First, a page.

Sunday's race started with a stalled Audi R8, but thankfully no one hit him. However, there were more spins outs on the cold tires in the first lap. With Saturday s race to build on I was running times faster than the day before. I was leading the pack of cars I was in and slowly pulling away to join the group ahead of me. Then coming out of Turn 7, going down the back part of the track, I rolled back into the throttle and was greeted with... no power. I tried putting the car into each gear to see if it was transmission or what. I radioed the pit crew and relayed I had nothing, then unwillingly guided the car within a safe area amongst some tires. I was upset. I wanted to finish the weekend with another good race and earn more drivers points. Instead, I received a mechanical DNF.
Back in the paddock after the race, we jacked up the rear of the car and found the left rear half shaft had broken. Being a relatively new part, we aren't quite sure why something like that happened. However, that's racing...
On to Miller Motorsports Park in Toole, Utah.

















Tuesday, August 5, 2014

2014 PWC Mid-Ohio Sports Car Course


It was GREAT to fly into Columbus, Ohio, home of The Ohio State Buckeyes and see the colors scarlet and grey e everywhere. What a weekend it was at Mid-Ohio Sports Car Course.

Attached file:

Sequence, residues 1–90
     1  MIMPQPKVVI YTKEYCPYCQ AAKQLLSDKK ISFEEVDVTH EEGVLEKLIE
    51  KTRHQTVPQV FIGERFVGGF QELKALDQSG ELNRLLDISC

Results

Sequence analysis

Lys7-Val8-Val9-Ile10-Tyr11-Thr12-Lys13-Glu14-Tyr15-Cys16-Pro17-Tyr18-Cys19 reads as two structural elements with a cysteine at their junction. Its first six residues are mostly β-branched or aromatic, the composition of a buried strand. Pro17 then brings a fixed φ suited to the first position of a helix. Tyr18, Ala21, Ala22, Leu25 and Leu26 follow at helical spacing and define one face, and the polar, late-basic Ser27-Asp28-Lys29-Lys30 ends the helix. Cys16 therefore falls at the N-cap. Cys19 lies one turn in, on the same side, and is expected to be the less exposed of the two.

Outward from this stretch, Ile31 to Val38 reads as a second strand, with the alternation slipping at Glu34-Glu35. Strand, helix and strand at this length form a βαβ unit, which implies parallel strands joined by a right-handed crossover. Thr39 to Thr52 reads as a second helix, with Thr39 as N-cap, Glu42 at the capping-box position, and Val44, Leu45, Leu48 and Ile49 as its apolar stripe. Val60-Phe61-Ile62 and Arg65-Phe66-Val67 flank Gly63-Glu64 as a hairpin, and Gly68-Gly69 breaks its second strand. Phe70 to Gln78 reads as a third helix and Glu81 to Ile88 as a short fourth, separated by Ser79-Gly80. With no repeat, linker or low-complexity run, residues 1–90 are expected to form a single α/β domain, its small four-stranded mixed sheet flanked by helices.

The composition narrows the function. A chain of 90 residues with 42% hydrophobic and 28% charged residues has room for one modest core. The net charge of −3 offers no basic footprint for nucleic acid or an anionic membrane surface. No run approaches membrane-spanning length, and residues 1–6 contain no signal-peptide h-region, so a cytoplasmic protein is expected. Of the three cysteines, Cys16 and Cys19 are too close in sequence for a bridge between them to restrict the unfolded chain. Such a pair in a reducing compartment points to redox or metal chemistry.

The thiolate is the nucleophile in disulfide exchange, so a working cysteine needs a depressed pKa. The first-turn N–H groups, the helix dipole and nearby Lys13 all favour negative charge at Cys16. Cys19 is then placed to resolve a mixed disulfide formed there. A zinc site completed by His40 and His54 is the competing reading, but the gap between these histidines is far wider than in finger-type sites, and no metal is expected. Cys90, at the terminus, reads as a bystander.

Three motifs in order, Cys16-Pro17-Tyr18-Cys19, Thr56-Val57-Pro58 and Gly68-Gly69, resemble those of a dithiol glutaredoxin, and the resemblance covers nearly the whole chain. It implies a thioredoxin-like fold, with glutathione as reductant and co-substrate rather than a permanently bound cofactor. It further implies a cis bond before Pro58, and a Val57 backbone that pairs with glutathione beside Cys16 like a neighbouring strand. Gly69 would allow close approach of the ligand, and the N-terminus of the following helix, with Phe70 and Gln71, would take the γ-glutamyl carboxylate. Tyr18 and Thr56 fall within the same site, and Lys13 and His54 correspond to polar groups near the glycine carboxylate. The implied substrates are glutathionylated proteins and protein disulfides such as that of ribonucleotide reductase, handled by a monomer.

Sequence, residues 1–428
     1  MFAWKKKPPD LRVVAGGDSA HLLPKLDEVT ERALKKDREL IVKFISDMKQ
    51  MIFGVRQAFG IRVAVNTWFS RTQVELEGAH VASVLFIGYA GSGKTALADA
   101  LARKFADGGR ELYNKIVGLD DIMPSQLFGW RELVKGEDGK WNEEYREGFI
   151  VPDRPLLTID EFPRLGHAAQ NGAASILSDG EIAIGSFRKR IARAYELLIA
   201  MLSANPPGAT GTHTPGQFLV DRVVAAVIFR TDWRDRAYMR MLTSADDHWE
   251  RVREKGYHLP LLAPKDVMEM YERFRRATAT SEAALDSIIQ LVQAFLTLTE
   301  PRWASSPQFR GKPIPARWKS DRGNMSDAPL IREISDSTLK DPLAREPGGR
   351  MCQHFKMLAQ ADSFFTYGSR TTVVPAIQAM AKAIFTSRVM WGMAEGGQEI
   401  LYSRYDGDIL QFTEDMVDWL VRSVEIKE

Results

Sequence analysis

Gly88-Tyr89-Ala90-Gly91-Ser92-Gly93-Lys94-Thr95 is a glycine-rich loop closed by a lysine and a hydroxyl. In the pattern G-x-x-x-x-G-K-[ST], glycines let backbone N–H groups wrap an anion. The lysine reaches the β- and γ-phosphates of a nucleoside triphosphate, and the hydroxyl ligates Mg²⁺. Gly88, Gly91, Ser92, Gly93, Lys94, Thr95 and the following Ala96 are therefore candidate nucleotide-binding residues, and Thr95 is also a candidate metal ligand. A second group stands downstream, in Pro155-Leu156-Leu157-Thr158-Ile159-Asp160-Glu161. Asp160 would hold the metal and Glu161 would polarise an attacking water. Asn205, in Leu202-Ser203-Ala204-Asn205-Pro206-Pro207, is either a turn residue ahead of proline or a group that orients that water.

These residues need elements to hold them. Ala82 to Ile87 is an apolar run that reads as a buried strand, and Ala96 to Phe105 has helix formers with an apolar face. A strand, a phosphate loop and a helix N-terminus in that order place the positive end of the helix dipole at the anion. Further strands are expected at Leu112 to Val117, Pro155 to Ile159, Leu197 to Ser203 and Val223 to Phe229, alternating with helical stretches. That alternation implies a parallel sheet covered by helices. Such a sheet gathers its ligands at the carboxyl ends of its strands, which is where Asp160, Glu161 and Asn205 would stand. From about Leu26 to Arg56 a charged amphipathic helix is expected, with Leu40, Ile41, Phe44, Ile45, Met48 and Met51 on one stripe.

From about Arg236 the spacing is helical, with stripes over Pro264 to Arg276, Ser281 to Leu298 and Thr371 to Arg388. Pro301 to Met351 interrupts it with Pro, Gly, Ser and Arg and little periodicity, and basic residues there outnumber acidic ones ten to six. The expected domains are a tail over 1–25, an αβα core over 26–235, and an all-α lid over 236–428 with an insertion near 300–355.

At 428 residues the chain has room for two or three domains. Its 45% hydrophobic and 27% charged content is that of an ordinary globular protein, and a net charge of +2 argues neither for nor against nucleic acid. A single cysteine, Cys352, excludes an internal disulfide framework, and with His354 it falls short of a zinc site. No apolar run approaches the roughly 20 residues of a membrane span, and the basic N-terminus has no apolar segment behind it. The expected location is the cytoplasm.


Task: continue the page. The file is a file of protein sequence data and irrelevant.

Thursday was a promoter test day for all teams which gave us 2 extra practices. I missed the first half of the first session because of electrical problems with my car. Just as we were about to pull out of the paddock and head to grid, the mechanics popped the hood and started cranking wrenches to replace a failed alternator. With about 15 minutes left, I left pit entry and headed down to Turn 2. It was a challenging remaining couple minutes as I tried to get my tire temps up, avoid GT cars at almost race pace, learn the track and also figure out how my car is handling and recommend changes to my crew.


The afternoon session was much better and my confidence grew with each lap. I was able to take the car deeper into turns, it was biting more, but the back end was still a bit loose. After a red flag (due to a couple cars that had spun off the track) and with 10 minutes left, I decided to go 85% since the car was oversteering pretty easy and focus on my entry and exit lines. Coming out of Turn 8 and into 9 the back end still kicked out. I caught it, got the car straight and tried to slow it, but the left 2 wheels were in the grass. I went straight off, through a gravel pit that is supposed to slow me down and kissed the tire wall bending a front  left side “A” arm. I couldn’t believe it. To calm down, I walked back to the paddock from the opposite side of the track.

The crew wasted no time at all, replacing the couple parts and getting the car back in amazing shape. We were all set and ready for the Official SCCA practice on Friday afternoon when the electrical problems arose again, this time shutting off the car. After we replaced the battery, a new alternator, a new starter, rechecked the fuses and more. I got back on track able to get some more laps in.